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Connecticut Company Settles PCB Complaint; Agrees to $45,000 Fine and $269,000 in Environmental Projects
Release Date: 01/21/2003
Contact Information: Andrew Spejewski, EPA Press Office, 617-918-1014
BOSTON - The U.S. Environmental Protection Agency announced today that the Rogers Corp., in Rogers, CT, has settled a case involving PCBs discovered in 1993 at the company's East Woodstock, CT manufacturing facility. Under the settlement, Rogers will pay $45,000 and undertake three innovative supplemental environmental projects that will cost an estimated $269,000.
The settlement stems from allegations of improper disposal of PCBs discovered at the company's East Woodstock facility in 1993. After EPA began its investigation, Rogers discovered high levels of PCBs in concrete and soil beneath the building, and conducted a full cleanup.
The PCBs are believed to come from PCB oil used at some point in basement pumps at the company's facility, as was common in the industry prior to 1978 before EPA regulated the use and disposal of PCBs.
"PCBs, which persist in the environment for decades, are a high priority for EPA New England, and companies need to ensure they're properly dealing with them," said Robert W. Varney, regional administrator for EPA's New England Office. "I'm pleased we have resolved this case, and want to compliment Rogers for the three projects which will improve the health, safety and environment of the local community and its residents."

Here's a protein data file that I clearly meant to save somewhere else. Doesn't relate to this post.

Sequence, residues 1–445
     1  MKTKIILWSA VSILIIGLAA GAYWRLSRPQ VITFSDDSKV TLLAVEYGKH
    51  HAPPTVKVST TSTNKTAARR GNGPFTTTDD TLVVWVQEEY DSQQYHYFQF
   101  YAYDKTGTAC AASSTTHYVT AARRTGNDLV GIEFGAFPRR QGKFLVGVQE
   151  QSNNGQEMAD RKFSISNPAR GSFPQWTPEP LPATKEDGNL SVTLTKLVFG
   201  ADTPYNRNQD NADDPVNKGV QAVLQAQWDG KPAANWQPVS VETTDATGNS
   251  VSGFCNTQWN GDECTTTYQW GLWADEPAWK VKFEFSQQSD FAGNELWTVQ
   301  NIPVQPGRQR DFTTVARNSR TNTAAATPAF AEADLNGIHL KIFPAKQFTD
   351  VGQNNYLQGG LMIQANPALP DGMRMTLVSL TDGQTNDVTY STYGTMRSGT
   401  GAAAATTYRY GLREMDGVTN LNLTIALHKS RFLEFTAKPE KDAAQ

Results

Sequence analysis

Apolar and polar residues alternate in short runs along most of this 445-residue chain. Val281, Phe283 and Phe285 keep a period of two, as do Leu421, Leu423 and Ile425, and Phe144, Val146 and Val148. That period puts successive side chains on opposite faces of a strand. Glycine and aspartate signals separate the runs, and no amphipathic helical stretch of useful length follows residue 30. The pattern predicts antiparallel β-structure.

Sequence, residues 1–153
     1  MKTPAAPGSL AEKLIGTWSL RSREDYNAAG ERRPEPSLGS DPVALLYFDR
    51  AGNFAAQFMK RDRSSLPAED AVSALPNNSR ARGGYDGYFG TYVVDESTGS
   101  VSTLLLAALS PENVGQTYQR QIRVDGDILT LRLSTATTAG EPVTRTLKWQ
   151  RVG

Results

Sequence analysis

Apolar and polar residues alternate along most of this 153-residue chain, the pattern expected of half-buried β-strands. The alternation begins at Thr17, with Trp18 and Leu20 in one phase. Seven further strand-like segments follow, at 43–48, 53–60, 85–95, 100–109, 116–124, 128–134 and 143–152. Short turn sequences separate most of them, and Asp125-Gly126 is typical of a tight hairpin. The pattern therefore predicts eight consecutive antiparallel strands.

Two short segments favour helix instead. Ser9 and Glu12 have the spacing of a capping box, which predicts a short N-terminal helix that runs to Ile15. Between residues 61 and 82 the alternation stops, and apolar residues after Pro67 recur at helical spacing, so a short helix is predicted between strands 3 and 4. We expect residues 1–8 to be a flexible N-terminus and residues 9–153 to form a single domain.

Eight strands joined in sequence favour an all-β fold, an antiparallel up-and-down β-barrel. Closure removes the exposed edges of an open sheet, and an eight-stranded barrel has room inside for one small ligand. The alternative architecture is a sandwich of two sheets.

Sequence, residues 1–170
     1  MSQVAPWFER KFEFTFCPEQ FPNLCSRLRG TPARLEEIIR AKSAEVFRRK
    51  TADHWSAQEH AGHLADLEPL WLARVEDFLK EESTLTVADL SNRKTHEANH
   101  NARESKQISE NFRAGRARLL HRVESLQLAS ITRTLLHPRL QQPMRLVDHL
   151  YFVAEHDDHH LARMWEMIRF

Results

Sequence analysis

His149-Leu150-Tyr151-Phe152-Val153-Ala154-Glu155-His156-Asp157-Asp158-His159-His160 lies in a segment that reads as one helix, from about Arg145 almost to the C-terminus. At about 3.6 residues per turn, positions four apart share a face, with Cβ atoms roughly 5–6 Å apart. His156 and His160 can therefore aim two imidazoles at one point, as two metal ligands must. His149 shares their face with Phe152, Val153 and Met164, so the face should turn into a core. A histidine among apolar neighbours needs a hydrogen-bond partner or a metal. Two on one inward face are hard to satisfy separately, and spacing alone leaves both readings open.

Rogers appealed a penalty imposed by an administrative law judge in 1998. EPA's Environmental Appeals Board upheld the penalty, but when Rogers continued its appeal, the federal Court of Appeals in 2002 found a procedural error and sent the case back to EPA for a rehearing. Rogers and EPA have now reached an agreement to settle the case.
In addition to a $45,000 penalty, Rogers has agreed to undertake three environmental projects. Rogers will install solar photovoltaic lighting at its East Woodstock facility to conserve fossil fuels and diminish conventional power plant emissions; provide hazardous materials training and equipment to the local fire department so that they are better prepared to deal with a broader array of fire events; and switch the fuel used at its South Windham, CT facility to a lower sulfur fuel oil, thus decreasing sulfur emissions from the plant. All of these three projects are voluntary and above and beyond what the company is required to do by law.
PCBs, or polychlorinated biphenyls, are a class of chemical compounds widely used in electrical equipment before concern about their toxicity and environmental persistence led to a ban on their production in 1977.
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